How does deforestation affect the carbon cycle?

The carbon is an essential element for all forms of life on Earth. The carbon input and output are necessary components of all plant and animal life, whether these life forms absorb carbon to help make food or release it as part of respiration. Maintaining the stability of the carbon cycle is therefore crucial for the well-being of living species. Yet human activities such as burning fossil fuels and cutting down forests upset the balance of the cycle, releasing huge amounts of greenhouse gases and contributing to climate change. How does deforestation affect the carbon cycle and what are the solutions that could reduce the impact of this phenomenon?

What is the carbon cycle?

The carbon cycle describes the process by which carbon atoms continually travel from the atmosphere to different organisms on Earth and then back into the atmosphere again and again. These atoms meet several large tanks throughout the cycle, including the atmosphere, oceans, lithosphere, terrestrial biosphere, aquatic biosphere, as well as fossil fuels. Since the Earth is a closed system, the total amount of carbon found here remains unchanged. However, the amount of carbon in a specific pool can change over time as the carbon moves from one pool to another.

Maintain a carbon footprint between different reservoirs – which requires that the amount of carbon naturally released from reservoirs be equal to the amount they absorb – is imperative. Yet, due to human interventions – primarily deforestation – the carbon cycle is facing a loss of balance, with more carbon dioxide released into the atmosphere as forests are cleared.




Figure 1: The carbon cycle

What is deforestation?

Deforestation is the conversion of forest areas to non-forest land such as arable land, urban use, exploited area or wasteland. Although its rate has decreased considerably, deforestation remains a pressing problem that cannot be ignored. From direct causes of deforestation is agricultural expansion, with the conversion of forests to cropland and pasture in order to grow crops and raise livestock, the expansion of infrastructure resulting from urbanization as well as logging – both illegal and legal.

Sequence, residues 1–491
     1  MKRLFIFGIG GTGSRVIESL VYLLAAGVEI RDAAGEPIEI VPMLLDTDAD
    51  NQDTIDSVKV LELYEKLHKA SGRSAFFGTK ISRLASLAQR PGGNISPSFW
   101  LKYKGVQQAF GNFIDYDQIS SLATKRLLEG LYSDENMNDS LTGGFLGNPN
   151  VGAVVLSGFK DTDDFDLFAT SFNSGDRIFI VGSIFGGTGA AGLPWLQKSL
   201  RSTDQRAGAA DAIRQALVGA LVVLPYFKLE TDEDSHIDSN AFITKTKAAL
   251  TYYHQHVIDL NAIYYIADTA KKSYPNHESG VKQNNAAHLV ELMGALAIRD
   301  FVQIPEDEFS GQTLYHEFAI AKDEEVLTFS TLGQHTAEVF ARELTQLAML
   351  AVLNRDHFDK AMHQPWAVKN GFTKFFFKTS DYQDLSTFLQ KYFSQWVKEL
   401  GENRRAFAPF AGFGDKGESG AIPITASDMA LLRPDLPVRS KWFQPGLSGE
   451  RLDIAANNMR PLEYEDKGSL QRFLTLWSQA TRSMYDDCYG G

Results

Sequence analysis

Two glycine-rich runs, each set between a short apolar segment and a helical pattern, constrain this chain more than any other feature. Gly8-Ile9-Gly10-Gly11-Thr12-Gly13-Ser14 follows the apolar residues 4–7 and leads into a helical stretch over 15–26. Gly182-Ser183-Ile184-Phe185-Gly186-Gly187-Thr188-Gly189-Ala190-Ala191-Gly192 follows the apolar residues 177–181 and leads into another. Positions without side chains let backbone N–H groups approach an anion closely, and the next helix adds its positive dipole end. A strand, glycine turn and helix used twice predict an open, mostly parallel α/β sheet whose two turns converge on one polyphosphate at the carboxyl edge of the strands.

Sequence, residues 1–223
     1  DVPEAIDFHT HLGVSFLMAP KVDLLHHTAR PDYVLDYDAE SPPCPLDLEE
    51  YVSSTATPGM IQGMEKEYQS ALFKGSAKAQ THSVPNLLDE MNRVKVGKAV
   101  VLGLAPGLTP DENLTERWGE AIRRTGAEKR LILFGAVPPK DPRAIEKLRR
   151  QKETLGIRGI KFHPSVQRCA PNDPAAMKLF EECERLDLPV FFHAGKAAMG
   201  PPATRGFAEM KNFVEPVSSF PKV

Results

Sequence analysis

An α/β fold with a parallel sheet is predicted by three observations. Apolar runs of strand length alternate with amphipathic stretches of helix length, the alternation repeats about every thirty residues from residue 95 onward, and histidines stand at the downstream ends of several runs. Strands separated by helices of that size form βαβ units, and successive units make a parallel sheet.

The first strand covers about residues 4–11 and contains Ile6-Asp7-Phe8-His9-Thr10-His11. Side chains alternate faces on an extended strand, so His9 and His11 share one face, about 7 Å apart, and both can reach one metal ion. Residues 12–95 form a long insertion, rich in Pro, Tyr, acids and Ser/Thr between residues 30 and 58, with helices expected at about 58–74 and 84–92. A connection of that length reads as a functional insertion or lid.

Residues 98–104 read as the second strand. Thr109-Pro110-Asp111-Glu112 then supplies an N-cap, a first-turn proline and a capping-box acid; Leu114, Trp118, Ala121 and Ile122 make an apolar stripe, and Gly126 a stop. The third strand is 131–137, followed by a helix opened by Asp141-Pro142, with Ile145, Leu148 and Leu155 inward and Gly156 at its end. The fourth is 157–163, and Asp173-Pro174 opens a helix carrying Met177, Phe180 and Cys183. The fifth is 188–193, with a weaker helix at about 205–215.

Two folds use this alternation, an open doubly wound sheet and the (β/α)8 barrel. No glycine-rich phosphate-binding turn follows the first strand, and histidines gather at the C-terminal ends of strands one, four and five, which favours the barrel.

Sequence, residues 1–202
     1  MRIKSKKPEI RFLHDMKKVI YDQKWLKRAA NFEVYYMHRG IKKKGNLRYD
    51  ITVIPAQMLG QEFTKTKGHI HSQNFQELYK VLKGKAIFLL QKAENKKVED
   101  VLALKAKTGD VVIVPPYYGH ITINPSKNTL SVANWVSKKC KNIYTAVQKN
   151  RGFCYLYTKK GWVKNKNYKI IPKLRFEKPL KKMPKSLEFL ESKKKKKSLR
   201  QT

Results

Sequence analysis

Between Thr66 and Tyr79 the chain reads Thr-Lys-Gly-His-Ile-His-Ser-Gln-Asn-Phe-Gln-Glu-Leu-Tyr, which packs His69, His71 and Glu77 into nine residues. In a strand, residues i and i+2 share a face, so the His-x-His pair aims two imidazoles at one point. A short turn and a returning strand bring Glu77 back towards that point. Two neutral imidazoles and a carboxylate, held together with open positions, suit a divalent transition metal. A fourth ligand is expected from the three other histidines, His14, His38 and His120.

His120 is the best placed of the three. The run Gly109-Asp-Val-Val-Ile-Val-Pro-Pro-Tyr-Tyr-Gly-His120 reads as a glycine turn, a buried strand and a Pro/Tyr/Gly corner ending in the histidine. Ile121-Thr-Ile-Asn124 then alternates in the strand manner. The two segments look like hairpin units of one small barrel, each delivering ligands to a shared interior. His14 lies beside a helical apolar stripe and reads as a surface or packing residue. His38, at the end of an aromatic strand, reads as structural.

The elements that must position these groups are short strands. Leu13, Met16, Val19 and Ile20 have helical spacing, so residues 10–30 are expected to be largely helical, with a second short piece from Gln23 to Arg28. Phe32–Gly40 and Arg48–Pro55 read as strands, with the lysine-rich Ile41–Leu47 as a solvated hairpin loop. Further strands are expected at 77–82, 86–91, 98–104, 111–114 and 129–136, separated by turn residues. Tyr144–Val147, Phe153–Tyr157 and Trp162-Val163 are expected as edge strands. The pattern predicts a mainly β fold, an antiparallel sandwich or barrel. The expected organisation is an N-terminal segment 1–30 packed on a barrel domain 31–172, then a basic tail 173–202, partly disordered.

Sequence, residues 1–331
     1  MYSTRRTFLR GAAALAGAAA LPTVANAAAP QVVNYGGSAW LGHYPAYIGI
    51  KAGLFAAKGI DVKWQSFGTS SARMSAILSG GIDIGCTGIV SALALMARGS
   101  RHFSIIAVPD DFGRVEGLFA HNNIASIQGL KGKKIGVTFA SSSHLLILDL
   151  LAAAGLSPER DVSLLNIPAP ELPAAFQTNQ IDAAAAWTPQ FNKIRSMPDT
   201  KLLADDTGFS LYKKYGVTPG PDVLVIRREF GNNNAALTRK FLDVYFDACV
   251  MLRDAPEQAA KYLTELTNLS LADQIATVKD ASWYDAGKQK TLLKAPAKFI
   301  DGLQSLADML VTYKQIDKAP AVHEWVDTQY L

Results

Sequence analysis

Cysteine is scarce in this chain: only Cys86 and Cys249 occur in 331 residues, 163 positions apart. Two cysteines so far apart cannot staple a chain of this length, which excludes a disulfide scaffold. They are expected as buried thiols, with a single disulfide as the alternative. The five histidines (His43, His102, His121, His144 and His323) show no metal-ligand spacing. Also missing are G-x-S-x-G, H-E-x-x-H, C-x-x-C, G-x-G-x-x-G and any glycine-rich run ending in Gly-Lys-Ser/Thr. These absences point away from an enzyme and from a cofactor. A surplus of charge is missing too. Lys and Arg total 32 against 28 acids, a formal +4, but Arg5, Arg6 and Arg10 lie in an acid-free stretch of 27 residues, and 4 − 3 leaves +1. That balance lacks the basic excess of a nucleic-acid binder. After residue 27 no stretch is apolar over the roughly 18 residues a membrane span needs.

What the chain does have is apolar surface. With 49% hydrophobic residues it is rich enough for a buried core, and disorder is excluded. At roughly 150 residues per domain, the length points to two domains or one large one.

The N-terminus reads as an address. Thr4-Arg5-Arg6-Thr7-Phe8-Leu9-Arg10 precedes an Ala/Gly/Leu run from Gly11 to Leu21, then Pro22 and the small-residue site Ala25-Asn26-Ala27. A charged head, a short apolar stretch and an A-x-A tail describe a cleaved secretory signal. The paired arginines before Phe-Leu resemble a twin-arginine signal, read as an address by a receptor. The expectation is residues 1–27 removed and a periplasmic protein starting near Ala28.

Since 1990, humans have cleared around 420 million hectares of forests in the world. Tropical tropical forests such as the Amazon rainforest in South America, the Congo rainforest in Africa, as well as the tropical islands in Southeast Asia, are among the most affected by deforestation. Around 17% from the Amazon has been lost over the past 50 years, mainly due to the conversion of forests for cattle ranching. In 2019, 1.17 million acres of primary forest disappeared in Congo, second only to Brazil’s total deforestation that year. This continuous and continuous clearing of forests has a major impact on the environment and the carbon cycle.

How does deforestation affect the carbon cycle

Figure 2: Annual deforestation, 2015

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How does deforestation affect the carbon cycle?

Carbon moves from the atmosphere to biomass reservoirs through photosynthesis: In this process, plants absorb carbon dioxide and sunlight to create fuel for the development of their structures, including tree trunks, roots, branches and leaves.

Along with the oceans, forests are important carbon sinks, capable of retaining 861 gigatons of carbon. The Amazon, the world’s largest rainforest, is a natural carbon sink and provides one of the planet’s greatest services: absorbing and storing carbon dioxide from the atmosphere. Its ability to do so is crucial in our fight against the climate crisis. In trees and carbon-rich solids, the forest stores the equivalent of four to five years of human-caused carbon emissions, up to 200 gigatons of carbon. Yet, due to persistent deforestation and a sharp increase in forest fires, the Amazon has been transformed into a carbon source, and now emits more carbon dioxide than it absorbs. Wildfires produce three times more carbon than forests can absorb, creating a negative loop. As Yavinder Malhi – a professor of ecosystem science at the University of Oxford – explains: “If our sink disappears” – affirms Malhi – “you lose the service that the biosphere provides.”